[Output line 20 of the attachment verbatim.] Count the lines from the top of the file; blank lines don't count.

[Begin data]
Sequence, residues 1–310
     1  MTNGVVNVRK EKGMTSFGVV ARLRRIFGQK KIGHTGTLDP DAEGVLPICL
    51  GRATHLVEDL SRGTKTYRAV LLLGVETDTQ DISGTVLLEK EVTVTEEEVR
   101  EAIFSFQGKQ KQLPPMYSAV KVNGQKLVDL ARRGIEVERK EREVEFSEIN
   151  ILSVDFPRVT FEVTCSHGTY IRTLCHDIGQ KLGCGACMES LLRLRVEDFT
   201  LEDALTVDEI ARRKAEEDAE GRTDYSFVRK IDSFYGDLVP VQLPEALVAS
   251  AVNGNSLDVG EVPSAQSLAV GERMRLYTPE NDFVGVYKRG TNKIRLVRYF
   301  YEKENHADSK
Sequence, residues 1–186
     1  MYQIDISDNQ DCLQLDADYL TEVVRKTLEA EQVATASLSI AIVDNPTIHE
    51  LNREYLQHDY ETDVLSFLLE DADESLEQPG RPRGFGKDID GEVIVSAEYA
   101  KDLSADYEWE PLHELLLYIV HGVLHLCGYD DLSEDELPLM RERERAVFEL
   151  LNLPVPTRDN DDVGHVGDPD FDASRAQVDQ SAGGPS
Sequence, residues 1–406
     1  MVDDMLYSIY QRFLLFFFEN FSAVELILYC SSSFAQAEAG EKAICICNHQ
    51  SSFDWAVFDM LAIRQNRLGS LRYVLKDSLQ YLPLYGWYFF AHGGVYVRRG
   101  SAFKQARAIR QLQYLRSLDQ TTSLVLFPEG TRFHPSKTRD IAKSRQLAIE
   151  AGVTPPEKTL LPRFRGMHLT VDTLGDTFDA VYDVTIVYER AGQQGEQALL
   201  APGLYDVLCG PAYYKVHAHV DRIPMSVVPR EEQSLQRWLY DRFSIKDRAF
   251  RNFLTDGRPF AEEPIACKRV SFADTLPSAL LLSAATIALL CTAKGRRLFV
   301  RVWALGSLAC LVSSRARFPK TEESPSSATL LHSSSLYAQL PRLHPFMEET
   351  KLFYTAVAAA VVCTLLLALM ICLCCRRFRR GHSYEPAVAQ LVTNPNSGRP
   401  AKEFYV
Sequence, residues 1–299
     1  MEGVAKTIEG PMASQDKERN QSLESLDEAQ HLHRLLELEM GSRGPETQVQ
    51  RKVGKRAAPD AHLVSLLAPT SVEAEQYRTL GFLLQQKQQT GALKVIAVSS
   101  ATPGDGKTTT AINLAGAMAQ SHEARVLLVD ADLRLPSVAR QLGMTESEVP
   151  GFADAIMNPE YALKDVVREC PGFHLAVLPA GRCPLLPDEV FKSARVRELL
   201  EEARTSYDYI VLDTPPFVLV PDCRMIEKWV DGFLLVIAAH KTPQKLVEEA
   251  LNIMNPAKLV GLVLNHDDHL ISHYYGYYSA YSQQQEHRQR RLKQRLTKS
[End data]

   251  RNFLTDGRPF AEEPIACKRV SFADTLPSAL LLSAATIALL CTAKGRRLFV